What more perfect law could have been given than that which patterned the very holiness and perfection of God? We didn’t need a more perfect law, but a perfect sacrifice. Jesus, coming and condemning sin in the flesh by his righteous life, became the perfect sacrifice and took upon himself the burden of our sin so that we might be perfected and justified before God through the forgiveness that is by grace through faith in him (Eph. 2:8).
Law itself is good. It was praised in Psalm 119 and commended by Paul in Romans 7:12; 7:16. But no law can save. The problem is not in law itself, but in man. It is the weakness of the flesh that nullifies the power of law to save.
Rom. 8:3 “For God has done what the law, weakened by the flesh, could not do. By sending his own Son in the likeness of sinful flesh and for sin, he condemned sin in the flesh…”
None of this, however, argues against obedience to Christ. To maintain that one need not obey is antinomianism – lawlessness. Jesus himself insisted that his disciples obey him. But our obedience is not for justification. It is to evidence our love for him.
John 14:15 “If you love me, you will keep my commandments.”
1John 5:3 “For this is the love of God, that we keep his commandments. And his commandments are not burdensome.”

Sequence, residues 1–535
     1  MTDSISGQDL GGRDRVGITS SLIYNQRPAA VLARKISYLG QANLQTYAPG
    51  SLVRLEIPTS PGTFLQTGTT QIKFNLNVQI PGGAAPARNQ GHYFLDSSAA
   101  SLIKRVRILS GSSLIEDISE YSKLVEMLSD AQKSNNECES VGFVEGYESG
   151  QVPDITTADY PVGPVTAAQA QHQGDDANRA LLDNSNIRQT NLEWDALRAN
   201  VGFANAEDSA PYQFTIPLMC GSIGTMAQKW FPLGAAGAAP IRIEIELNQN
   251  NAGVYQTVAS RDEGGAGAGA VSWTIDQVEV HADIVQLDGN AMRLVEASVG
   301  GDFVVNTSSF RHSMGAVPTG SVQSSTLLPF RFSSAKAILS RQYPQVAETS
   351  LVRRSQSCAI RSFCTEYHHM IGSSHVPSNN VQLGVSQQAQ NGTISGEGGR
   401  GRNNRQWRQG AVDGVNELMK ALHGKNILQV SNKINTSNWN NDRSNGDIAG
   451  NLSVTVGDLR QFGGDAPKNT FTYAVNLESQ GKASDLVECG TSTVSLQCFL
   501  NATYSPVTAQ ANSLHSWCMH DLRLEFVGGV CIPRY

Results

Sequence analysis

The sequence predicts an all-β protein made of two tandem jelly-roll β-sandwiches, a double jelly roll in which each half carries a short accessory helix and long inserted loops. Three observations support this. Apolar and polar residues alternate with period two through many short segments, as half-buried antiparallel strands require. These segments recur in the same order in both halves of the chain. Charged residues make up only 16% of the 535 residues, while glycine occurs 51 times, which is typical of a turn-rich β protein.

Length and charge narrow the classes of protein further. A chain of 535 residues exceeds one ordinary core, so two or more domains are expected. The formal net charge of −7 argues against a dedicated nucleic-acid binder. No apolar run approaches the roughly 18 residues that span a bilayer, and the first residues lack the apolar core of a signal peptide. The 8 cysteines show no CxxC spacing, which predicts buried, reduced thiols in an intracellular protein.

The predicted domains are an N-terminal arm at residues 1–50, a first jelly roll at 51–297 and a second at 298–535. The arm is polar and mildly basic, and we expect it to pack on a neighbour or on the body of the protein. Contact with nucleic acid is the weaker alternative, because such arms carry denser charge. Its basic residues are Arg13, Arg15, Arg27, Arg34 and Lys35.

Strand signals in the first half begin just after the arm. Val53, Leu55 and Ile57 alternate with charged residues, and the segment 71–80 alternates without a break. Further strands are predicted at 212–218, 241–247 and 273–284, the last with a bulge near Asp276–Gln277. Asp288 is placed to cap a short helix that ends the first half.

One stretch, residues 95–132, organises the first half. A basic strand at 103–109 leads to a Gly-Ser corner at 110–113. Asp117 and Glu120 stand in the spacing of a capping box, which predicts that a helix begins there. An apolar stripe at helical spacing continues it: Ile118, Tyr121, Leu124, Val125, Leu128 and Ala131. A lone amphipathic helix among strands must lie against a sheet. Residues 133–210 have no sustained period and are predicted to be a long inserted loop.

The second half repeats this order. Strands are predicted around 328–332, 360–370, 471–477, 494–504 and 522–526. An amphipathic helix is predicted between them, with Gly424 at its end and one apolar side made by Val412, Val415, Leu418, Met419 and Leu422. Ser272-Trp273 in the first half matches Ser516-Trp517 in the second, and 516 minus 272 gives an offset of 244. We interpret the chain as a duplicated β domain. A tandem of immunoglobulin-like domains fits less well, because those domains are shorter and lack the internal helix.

Knowing something of the thinking of the editor who published this article in his bulletin and of the church whose Facebook page this was posted on, I strongly suspect that what is held to be the commandments of Christ are all the inferred, patternistic doctrines and dogmas by which a particular brand of sectarianism is sustained. All such is legalism, pure and simple. Anyone who would bind such on others in order to have fellowship with them has substituted law for faith in Christ. All such creates and maintains division between the disciples of Christ rather than furthering his intention of oneness in him.
For the information of the writer of this article and for the information of the brother who copied and posted this article let me inform you – legalism and obedience to Christ ARE NOT THE SAME! Legalism is a deadly error. Obedience to Christ is love in action!